Taiwan producers face anti-dumping duties as high as 27.55 percent, according to the final Commerce decision, which SolarWorld said raised average duties for Chinese producers but cut them for Taiwan. Producers in China face separate anti-subsidy duties.
"These remedies come just in time to enable the domestic industry to return to conditions of fair trade," said SolarWorld Industries America President Mukesh Dulani.
The move is set to deal a heavy blow to China and Taiwan's solar panel shipment to the U.S. market, Chinese solar industry officials say.
Nice article - thanks for sharing. We are in the very early days of this industry and there is lots more to be done in terms of innovation, smart grids, legislation etc. before this becomes mainstream. Will be fascinating to watch over the next 5 years.
Dothemath, thanks for your thoughtful and reasoned reply - which is too rare on these boards. I am long SCTY but slightly underwater currently and keeping a close eye on it. Your points are legitimate risks. When do you think these risks become clearer and more understandable?
Yet another indicator that big capital is willing to bet on solar as the future, which we longs all know it is. Nothing can stop a great idea whose time has come.
The latest residential program follows the commitment that Bank of America previously had with SolarCity to finance more than $200 million in commercial solar power projects.
Through this financing, American homeowners stand to gain immensely. They will be able to install solar panels without any upfront cost and have access to solar electricity for less than what they pay for utility power currently.
The deal with Bank of America is likely to increase the demand for solar energy, thus boosting prospects of the company.
Highly unlikely. At some point, production will be cut and prices will stabilize because supply and demand will equal out and prices will climb back up. But this could definitely continue on through the first quarter.
racket, agree with you 100% All you have to do is look at Buffet's example. ESPECIALLY in this age of high speed trading, there is no way the retail investor can beat the pros when it comes to trading. The best way is to buy a stock at a good price and if it has a good long term story like CSIQ and other top solars, hold for years unless there is a major change in the fundamentals. The future of solar is very bright and we are in the early innings. Given the new restrictions on coal plants and the new climate deal, the need for solar is only going to grow.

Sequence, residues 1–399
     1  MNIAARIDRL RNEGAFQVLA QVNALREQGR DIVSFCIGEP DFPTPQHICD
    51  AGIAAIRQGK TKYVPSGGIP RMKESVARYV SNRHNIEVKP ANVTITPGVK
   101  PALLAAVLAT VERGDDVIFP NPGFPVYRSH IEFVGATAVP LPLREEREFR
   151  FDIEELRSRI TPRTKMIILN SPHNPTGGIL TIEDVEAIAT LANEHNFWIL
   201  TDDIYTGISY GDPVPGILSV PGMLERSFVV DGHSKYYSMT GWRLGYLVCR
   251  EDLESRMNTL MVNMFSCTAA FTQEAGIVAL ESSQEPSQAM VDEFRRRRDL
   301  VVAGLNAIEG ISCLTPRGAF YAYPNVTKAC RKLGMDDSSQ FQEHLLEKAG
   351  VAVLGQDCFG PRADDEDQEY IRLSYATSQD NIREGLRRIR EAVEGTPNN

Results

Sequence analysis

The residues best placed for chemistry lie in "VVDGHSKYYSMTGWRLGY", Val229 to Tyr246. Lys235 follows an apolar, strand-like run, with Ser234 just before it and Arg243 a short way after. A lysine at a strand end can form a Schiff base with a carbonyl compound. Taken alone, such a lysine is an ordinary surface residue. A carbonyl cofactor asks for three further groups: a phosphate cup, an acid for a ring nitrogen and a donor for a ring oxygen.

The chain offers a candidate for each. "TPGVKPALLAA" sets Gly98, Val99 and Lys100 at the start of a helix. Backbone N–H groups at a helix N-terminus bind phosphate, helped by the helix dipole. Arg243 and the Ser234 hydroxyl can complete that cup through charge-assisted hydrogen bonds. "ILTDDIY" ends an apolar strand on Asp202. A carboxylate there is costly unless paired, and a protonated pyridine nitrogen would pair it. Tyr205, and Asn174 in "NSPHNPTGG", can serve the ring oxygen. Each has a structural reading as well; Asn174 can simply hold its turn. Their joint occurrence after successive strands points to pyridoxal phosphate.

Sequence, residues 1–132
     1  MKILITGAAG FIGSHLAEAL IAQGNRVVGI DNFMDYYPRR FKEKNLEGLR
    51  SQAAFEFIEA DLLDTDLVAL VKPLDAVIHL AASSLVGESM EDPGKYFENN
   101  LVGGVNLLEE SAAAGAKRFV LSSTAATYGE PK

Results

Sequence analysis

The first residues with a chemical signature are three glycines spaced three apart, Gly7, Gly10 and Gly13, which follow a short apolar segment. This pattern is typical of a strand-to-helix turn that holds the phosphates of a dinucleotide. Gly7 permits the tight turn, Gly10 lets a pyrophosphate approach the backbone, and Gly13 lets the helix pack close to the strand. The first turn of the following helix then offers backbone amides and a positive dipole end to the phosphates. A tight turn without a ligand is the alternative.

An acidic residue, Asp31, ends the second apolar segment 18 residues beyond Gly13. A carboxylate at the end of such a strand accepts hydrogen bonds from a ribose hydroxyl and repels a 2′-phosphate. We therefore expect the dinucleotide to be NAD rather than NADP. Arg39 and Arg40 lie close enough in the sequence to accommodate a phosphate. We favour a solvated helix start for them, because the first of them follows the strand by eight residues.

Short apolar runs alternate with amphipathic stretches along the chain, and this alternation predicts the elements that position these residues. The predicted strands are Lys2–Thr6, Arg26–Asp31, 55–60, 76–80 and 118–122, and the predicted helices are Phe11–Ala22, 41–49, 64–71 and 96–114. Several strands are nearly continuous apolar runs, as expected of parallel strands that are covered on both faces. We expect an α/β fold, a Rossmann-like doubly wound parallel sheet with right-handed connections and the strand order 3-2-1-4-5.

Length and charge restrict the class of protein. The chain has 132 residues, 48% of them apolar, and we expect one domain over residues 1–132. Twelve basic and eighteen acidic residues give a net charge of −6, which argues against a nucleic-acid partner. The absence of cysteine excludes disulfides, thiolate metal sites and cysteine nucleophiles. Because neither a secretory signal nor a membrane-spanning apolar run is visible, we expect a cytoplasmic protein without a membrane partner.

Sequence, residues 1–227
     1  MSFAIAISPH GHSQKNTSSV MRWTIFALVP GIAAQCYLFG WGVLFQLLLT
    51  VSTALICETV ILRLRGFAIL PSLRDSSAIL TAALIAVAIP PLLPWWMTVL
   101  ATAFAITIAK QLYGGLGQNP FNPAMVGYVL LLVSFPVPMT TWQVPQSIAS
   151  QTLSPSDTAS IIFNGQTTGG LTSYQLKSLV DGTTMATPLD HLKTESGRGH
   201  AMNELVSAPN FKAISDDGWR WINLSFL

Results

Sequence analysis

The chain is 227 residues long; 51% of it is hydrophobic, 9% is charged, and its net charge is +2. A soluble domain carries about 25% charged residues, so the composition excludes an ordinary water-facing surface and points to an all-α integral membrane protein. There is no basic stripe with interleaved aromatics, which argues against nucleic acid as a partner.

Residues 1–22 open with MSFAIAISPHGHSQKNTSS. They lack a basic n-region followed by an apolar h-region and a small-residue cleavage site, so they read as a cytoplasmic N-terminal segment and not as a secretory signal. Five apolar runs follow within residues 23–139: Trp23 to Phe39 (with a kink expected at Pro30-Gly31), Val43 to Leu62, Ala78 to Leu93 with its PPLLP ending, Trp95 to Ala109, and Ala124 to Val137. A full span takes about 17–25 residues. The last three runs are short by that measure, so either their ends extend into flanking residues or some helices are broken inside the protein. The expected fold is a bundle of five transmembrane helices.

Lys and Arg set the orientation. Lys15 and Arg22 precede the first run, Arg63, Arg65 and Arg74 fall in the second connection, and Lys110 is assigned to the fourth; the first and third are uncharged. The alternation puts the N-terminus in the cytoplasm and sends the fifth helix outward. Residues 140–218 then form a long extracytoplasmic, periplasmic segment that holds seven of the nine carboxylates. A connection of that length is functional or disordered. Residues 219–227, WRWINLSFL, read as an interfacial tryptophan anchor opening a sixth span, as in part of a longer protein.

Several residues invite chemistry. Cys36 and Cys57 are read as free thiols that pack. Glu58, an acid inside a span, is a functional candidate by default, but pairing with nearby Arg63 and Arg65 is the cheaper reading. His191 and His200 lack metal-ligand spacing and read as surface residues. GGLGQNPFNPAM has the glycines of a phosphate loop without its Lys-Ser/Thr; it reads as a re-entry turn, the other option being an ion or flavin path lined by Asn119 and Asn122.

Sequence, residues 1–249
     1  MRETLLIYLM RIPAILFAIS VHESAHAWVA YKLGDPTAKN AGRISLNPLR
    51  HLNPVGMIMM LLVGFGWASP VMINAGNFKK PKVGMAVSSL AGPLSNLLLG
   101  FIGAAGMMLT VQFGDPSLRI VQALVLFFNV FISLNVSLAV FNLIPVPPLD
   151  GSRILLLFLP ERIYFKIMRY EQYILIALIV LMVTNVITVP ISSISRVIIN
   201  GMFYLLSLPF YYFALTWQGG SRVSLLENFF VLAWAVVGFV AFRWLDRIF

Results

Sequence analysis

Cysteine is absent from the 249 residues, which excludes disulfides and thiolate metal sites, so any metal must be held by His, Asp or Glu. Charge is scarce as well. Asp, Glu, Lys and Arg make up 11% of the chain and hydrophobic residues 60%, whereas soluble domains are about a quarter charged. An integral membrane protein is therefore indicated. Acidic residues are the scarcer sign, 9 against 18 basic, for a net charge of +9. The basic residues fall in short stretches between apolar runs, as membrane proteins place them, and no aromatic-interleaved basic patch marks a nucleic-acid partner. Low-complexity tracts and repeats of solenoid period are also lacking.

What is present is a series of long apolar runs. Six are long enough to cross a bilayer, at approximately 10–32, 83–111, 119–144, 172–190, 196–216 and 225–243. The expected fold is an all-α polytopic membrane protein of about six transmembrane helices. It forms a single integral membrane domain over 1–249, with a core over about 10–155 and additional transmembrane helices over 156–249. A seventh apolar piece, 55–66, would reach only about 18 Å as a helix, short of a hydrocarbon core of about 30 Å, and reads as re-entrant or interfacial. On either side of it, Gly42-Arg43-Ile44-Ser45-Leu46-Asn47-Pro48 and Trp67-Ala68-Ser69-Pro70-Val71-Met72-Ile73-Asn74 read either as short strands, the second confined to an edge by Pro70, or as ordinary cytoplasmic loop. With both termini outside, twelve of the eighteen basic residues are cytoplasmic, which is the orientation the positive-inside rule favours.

That said, buy and hold is risky when the stock is very inflated. That is true of Tesla right now, but not CSIQ which has a PE of around 7! I would not buy TSLA right now, but might be tempted to pick up shares if it gets down to 160.
Hey Jason, how are those Oil and Coal stocks doing for you? I love seeing oil and coal stocks get hammered. Oil and Coal are on the way out and not a moment too soon - they are destroying the planet and poisoning our environment. The future is alternative energy - it's an idea whose time has come. It will only get more competitive over the next 5 years.
One reason is that it is considered "chinese" even if the company is incorporated in Canada. For lots of reasons, Chinese stocks are considered more risky because of lack of oversight and the many stock market manipulations known to occur there. Markets everywhere are prone to this, but we have 80 years of experience and an actual Rule of Law and the 1934 and 35 acts which give investors more confidence in our markets - for good reason.
I don't think this is the only reason, but it is a component. I too like many CSIQ longs find the gap puzzling, especially given the fact the company is making money. I'm in this and other solars for the next 2-3 years or longer as I think we are in the early innings of this industry. Good luck.
Yep, and it's what many smart investors on this board have said. I took the opportunity to average down but am still in the red with CSIQ. Am not worried - this is a long term hold and the secular story of clean energy is only in the very early innings. Am long SUNE and SPWR and SCTY as well.
Yet another sign of the long term prospects of clean energy: